Claudius Ptolemy was a Greco-Roman mathematician, astronomer and astrologer. He lived in the city of Alexandria in the Roman province of Egypt, wrote in Koine Greek, held Roman citizenship; the 14th-century astronomer Theodore Meliteniotes gave his birthplace as the prominent Greek city Ptolemais Hermiou in the Thebaid. This attestation is quite late, and, according to Gerald Toomer, the translator of his Almagest into English, there is no reason to suppose he lived anywhere other than Alexandria, he died there around AD 168. Ptolemy wrote several scientific treatises, three of which were of importance to Byzantine and Western European science; the first is the astronomical treatise now known as the Almagest, although it was entitled the Mathematical Treatise and known as the Great Treatise. The second is the Geography, a thorough discussion of the geographic knowledge of the Greco-Roman world; the third is the astrological treatise in which he attempted to adapt horoscopic astrology to the Aristotelian natural philosophy of his day.
This is sometimes known as the Apotelesmatika but more known as the Tetrabiblos from the Greek meaning "Four Books" or by the Latin Quadripartitum. Ptolemaeus is a Greek name, it occurs once in Greek mythology, is of Homeric form. It was common among the Macedonian upper class at the time of Alexander the Great, there were several of this name among Alexander's army, one of whom made himself pharaoh in 323 BC: Ptolemy I Soter, the first king of the Ptolemaic Kingdom. All male kings of Hellenistic Egypt, until Egypt became a Roman province in 30 BC ending the Macedonian family's rule, were Ptolemies; the name Claudius is a Roman nomen. It would have suited custom if the first of Ptolemy's family to become a citizen took the nomen from a Roman called Claudius, responsible for granting citizenship. If, as was common, this was the emperor, citizenship would have been granted between AD 41 and 68; the astronomer would have had a praenomen, which remains unknown. The ninth-century Persian astronomer Abu Maʿshar presents Ptolemy as a member of Egypt's royal lineage, stating that the descendants of Alexander's general Ptolemy I, who ruled Egypt, were wise "and included Ptolemy the Wise, who composed the book of the Almagest".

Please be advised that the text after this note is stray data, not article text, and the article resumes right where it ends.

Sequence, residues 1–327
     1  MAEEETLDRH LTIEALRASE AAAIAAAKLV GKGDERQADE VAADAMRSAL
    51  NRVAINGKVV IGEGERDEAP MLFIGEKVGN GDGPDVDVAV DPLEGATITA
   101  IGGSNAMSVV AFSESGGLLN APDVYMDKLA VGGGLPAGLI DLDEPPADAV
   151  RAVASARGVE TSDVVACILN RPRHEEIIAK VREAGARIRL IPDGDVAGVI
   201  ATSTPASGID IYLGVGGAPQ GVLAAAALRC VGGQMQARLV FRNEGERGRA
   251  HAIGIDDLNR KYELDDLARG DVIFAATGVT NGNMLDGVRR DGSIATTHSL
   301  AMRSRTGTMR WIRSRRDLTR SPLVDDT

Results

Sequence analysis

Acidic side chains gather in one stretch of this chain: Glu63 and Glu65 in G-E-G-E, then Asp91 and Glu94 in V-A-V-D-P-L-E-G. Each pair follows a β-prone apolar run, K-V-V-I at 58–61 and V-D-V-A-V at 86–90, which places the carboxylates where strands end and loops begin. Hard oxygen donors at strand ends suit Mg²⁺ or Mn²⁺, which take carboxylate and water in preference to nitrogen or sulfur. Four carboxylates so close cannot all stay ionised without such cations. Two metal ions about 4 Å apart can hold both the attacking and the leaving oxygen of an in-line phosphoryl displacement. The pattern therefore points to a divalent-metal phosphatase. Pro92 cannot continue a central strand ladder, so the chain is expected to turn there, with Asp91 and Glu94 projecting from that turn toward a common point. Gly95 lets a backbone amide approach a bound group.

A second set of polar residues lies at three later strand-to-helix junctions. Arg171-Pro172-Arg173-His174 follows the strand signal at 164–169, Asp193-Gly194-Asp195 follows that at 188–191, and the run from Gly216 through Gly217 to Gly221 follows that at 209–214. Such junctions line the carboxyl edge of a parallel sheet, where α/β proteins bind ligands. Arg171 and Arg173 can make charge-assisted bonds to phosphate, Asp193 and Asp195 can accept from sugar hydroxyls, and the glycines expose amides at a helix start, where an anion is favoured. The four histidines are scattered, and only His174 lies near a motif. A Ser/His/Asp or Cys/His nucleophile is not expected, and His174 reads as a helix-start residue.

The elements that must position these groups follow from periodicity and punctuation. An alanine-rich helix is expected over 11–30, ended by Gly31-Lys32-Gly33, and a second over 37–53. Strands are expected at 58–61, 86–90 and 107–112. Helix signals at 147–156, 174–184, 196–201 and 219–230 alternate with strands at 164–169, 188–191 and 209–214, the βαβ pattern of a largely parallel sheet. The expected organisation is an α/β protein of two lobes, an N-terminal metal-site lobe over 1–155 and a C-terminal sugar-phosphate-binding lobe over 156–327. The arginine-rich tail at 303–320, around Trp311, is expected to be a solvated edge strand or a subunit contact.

Abu Maʿshar recorded a belief that a different member of this royal line "composed the book on astrology and attributed it to Ptolemy". We can evidence historical confusion on this point from Abu Maʿshar's subsequent remark "It is sometimes said that the learned man who wrote the book of astrology wrote the book of the Almagest; the correct answer is not known." There is little evidence on the subject of Ptolemy's ancestry, apart from what can be drawn from the details of his name. Ptolemy can be shown to have utilized Babylonian astronomical data, he was a Roman citizen, but was ethnically either a Greek or a Hellenized Egyptian. He was known in Arabic sources as "the Upper Egyptian", suggesting he may have had origins in southern Egypt. Arabic astronomers and physicists referred to him by his name in Arabic: بَطْلُمْيوس Baṭlumyus. Ptolemy's Almagest is the only surviving comprehensive ancient treatise on astronomy. Babylonian astronomers had developed arithmetical techniques for calculating astronomical phenomena.
Ptolemy, claimed to have derived his geometrical models from selected astronomical observations by his predecessors spanning more than 800 years, though astronomers have for centuries suspected that his models' parameters were adopted independently of observations. Ptolemy presented his astronomical models in convenient tables, which could be used to compute the future or past position of the planets; the Almagest contains a star catalogue, a version of a catalogue created by Hipparchus. Its list of forty-eight constellations is ancestral to the modern system of constellations, but unlike the modern system they did not cover the whole sky. Across Europe, the Middle East and North Africa in the Medieval period, it was the authoritative text on astronomy, with its author becoming an mythical figure, called Ptolemy, King of Alexandria; the Almagest was preserved, in Arabic manuscripts. Because of its reputation, it was sought and was translated twice into Latin in the 12th century, once in Sicily and again in Spain.
Ptolemy's model, like those of his predecessors, was geocentric and was universally accepted until the appearance of simpler heliocentric models during the scientific revolution. His Planetary Hypotheses went beyond the mathematical model of the Almagest to present a physical realization of the universe as a set of nested spheres, in which he used the epicycles of his planetary model to compute the dimensions of the universe, he estimated the Sun was at an average dis